In January this year alone, while in the middle of this whole crisis, Russia signed energy agreements with Hungary as well to further incentivised Germany and Austria with potentially lucrative transit fees which could come from such an agreement between Russia and Hungary.
With the completion of the construction of Nord Stream 2 in September 2021, the US realised that it had only a small window of opportunity before the pipeline got operationalised and it loses the EU’s energy markets completely to Russian influence. Russia would no longer need Ukrainian transit pipelines to meet nearly 80% of its European energy supply obligations.
And thus, America would lose a trump card it had held since 2014 when the Obama administration staged a coup d’état and installed a pro-West far-right militia-run regime in Kyiv in a completely unconstitutional election process.
The critics of Nord Stream 2 within EU politics said that Moscow would use the pipeline to arm-twist Europe in order to meet Russian geo-political goals. They expressed concerns that the project had not been ring-fenced by German and Russian partners from geo-political concerns.
Thus, if the US or its artificially installed regime in Kyiv made any bold manoeuvres against Russia, then Moscow would find itself trapped and unable to shut off the EU’s gas exports as it will then give anti-Russian politicians within the EU an excuse to completely shelve the Nord Stream 2 project. Thus, Russia is without any leverage in this situation as it desperately needed the completed Nord Stream 2.
Reasons behind ongoing manoeuvres
As to what these “bold manoeuvres” may be, one can only make a guess from the actions of Russia and the US rather than their words. With Moscow declaring separatist regions of Luhansk and Donetsk as being recognised as independent countries, Russia believes that Kyiv has been planning to use this window of opportunity to mount a military offensive to re-take these separatist regions and unilaterally try to break the agreements made under the Minsk Accord.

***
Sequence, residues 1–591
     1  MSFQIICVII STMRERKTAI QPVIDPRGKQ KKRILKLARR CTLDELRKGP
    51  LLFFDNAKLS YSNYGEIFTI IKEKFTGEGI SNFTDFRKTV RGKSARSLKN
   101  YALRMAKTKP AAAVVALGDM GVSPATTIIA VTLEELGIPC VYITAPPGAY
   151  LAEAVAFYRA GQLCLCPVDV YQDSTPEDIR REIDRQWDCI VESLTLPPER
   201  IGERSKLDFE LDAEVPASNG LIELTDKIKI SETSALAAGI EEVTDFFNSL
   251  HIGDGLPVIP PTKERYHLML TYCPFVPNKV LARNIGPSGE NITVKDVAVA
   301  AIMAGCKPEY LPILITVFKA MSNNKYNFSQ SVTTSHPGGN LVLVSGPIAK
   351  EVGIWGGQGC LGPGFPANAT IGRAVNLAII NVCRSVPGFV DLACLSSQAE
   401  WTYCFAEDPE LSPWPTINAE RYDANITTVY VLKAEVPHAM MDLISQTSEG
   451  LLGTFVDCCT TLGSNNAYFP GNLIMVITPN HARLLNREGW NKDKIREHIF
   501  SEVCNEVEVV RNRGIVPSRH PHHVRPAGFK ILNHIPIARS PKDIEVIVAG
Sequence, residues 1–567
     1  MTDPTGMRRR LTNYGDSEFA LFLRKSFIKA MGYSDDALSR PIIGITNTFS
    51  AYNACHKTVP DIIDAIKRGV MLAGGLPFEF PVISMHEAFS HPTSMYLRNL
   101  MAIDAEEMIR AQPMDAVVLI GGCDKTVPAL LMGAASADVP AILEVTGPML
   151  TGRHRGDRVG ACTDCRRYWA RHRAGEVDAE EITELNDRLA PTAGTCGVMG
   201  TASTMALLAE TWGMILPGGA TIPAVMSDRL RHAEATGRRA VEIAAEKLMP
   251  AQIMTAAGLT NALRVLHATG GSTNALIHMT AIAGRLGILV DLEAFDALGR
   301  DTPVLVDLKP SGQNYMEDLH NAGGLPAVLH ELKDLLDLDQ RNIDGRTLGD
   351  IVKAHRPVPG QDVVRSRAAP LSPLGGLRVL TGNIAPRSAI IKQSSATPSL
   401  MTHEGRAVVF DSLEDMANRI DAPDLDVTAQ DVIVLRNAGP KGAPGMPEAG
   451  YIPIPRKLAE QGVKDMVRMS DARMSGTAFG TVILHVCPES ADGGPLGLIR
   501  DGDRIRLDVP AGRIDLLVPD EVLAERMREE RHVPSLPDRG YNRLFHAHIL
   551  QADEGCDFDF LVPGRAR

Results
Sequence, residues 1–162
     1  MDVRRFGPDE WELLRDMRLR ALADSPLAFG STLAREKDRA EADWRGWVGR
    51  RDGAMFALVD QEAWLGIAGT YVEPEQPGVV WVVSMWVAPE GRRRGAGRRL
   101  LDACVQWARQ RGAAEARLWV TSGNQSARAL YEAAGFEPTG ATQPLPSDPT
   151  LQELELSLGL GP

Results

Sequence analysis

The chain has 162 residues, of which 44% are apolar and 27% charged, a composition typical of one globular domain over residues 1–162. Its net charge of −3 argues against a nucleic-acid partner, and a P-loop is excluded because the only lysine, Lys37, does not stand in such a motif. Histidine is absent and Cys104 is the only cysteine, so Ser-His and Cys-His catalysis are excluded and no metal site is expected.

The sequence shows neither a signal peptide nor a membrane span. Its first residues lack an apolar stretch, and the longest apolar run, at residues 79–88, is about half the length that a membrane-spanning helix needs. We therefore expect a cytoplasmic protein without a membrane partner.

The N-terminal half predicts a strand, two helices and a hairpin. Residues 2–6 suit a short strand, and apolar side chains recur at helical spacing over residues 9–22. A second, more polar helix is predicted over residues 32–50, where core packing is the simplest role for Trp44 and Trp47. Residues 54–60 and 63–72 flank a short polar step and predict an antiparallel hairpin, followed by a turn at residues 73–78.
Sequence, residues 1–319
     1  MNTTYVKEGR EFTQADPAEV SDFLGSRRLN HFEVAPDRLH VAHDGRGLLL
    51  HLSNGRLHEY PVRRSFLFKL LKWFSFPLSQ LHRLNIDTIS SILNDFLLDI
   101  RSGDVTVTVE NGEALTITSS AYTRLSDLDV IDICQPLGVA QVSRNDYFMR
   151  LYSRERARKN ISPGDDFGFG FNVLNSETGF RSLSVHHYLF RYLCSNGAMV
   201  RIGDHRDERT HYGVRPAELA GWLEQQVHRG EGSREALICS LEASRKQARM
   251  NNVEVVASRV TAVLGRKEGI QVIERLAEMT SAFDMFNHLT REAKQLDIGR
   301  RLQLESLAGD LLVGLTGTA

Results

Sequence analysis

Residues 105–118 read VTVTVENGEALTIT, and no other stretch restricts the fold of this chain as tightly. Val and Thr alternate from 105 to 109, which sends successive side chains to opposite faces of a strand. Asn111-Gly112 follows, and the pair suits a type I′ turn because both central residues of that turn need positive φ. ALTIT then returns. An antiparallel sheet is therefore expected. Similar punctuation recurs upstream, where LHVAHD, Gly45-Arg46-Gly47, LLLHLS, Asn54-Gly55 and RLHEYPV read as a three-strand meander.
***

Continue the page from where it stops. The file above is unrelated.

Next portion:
Russian troops thus moved into the Donbass region on 24 February to deter Kyiv from launching an offensive against the breakaway states. The Russian military also carried out a series of precision strikes, taking out Ukrainian military infrastructure and air defence systems.
Russia may have finally decided to take this drastic step since the US has already responded to the Russian declaration of 22 February 2022 by pressuring their German counterparts to stall the operationalisation process of the Nord Stream 2 project.
Let us not be fooled by all the war and invasion rhetoric in the media, as this was the goal of the US all along. We need to understand that the crisis between Russia and Ukraine is a manufactured one to sabotage ties between Russia and Germany, particularly the lucrative energy partnership which had been blossoming between the two for the past couple of decades.
The goal behind the media propaganda blitz by the Western media has been to essentially isolate and vilify Russia on the international stage, stop it from building deeper ties with Europe, paint it as an out-of-control rogue state and continue to expand the presence of Nato eastwards, closer and closer to Russian borders.
Besides the above-mentioned goals, the pressure created through the rhetoric of Western media and arm twisting from the US has finally succeeded in mustering enough political will within the EU to stall the progress on Nord stream 2 project altogether.
So, it seems the Americans have come out on top, and have successfully managed to achieve their objective of reducing the European energy market’s dependence on Russian oil and gas, even when it could turn out to be a costly option for European countries, especially Germany. – The Economic Times (India).